Walker has kept busy since leaving Congress in 1997 by working at the lobbying firm Wexler & Walker Public Policy Associates.
Longtime Rep. Robert S. Walker’s career in Congress was marked by his fiery rhetoric, which also helped former Speaker Newt Gingrich become the first Republican to wield the gavel since the 1950s.
The former Pennsylvania lawmaker, along with Gingrich and other outspoken House Republicans, used C-SPAN to gain national attention by going on the offense against House Democratic leadership, eventually paving the way for Republicans to take control of the chamber.
When Gingrich became speaker in 1994, he rewarded Walker with a spot in leadership as chief deputy whip, although Walker was not able to secure election to majority whip, losing to Rep. Tom DeLay, R-Texas. Two years later, in 1996, Walker announced he would retire after 20 years in the House.
Walker’s kept busy since then. Upon leaving Congress in 1997, he joined the lobbying firm now known as Wexler & Walker Public Policy Associates, where he continues to work today.
“We’ve built this firm substantially since I arrived in 1997, and I have a very active list of clients so that keeps me plenty busy,” Walker told CQ Roll Call.
He added that in addition to his work on K Street, he makes a concerted effort to continue his commitment to public service.
Walker said he does that by serving on a number of commissions and boards related to aerospace policy, including a stint on the Commission on the Future of the Aerospace Industry. He was appointed to that role in 2001 by President George W. Bush.
Later, from 2004 until 2011, Walker served on the Department of Energy’s Hydrogen and Fuel Cell Technical Advisory Committee.
Another line Walker added to his post-congressional résumé is his role as chairman of the Space Foundation, a nonprofit that puts on educational programs and industry events.
“I have found it to be very rewarding taking the experience that I had in Congress and translating it both to business and public service,” Walker said. “What I have found is that for them, having input for somebody who understood the rhythm of the Congress has been useful.”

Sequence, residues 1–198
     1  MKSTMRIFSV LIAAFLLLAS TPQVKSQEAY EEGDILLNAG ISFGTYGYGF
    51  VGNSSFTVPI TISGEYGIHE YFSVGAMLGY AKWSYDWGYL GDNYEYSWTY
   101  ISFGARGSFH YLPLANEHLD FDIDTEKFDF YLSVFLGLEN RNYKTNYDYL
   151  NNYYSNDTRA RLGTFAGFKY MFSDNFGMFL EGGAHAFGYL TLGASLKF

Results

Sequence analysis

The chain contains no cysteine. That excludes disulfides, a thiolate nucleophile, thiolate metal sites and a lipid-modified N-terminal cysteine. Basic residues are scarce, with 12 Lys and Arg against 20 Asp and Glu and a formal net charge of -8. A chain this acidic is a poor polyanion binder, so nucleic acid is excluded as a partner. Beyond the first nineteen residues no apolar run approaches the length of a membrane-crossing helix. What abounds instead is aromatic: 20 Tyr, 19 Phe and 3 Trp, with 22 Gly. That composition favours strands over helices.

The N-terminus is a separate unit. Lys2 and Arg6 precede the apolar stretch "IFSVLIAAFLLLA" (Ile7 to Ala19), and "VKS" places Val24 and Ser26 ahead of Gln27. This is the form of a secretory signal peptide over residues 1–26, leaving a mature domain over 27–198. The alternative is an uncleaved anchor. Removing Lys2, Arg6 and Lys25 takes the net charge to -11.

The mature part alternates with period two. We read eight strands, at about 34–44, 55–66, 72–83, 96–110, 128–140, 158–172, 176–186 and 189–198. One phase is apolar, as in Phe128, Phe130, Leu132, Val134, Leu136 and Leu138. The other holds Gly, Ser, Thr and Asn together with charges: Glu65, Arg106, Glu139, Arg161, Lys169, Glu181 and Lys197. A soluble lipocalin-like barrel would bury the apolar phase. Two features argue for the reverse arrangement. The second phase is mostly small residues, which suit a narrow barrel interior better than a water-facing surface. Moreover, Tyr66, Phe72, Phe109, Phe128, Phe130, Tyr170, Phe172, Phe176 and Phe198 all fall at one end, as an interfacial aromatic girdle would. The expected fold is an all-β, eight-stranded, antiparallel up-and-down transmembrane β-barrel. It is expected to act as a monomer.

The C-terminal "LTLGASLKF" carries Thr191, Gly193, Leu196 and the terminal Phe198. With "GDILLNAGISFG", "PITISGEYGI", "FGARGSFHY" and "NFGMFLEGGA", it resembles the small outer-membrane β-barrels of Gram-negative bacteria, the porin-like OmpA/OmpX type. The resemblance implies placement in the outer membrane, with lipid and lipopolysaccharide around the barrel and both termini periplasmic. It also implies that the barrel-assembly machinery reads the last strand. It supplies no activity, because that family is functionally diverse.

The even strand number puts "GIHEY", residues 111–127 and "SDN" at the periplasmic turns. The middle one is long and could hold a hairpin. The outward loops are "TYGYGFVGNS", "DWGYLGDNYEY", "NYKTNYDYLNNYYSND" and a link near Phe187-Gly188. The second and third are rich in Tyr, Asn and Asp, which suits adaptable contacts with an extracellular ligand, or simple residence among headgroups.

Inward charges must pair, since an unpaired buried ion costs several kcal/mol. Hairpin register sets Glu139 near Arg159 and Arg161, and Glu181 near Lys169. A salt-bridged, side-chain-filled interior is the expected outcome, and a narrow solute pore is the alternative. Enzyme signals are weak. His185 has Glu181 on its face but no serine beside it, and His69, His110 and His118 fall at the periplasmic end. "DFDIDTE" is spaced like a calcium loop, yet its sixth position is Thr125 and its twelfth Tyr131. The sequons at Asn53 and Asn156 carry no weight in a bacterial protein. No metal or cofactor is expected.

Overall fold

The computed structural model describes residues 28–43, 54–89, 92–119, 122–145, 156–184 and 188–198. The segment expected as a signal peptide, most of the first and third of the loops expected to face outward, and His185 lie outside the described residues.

He also stays active in politics, having served as the national chairman of Gingrich’s 2012 unsuccessful presidential run.
“I would’ve liked to have seen him become nominee,” Walker said of Gingrich. “We started pretty late in the process and never raised the kind of money that made him competitive with Mitt Romney. ... But he is still the one figure in the party who has the capability of defining the direction of the country in broad historic terms.”
Walker’s role as a lobbyist and his positions within government agencies have kept him interested in the happenings of Congress, and he says he’s not too thrilled by what he sees.
“I’m very disappointed in where we are at the present time, and I think in large part it’s because we’ve spent 20 years or more moving more and more away from regular order,” said Walker, who was known for being a stickler for parliamentary procedure during his years on Capitol Hill. “Instead, we have moved to a pattern where the only major bills that get passed are continuing resolutions that are huge omnibus bills, that no one really understands all of what’s in them. That ... has led to the dysfunction.”
Walker added that he likes the busy schedule he’s had since leaving Capitol Hill.
“I’m enjoying keeping busy, and I have no intention of retiring any time soon,” said Walker, who will turn 71 in December. “I just hope my health holds out.”
CQ Roll Call’s Life After Congress is designed to answer the question “Where are they now?” If that’s something you’ve asked yourself about a former member or members, drop us a line. We’ll do our best to track them down.
United We Dream protesters carry a mock coffin to the office of Sen. Ted Cruz, R-Texas, in the Dirksen Senate Office Building on Monday, July 21, 2014, to hold one of their "funeral services for the Republican Party" due to GOP positions on immigration. The immigration reform group visited several other Senate Republican offices to hold similar funeral services.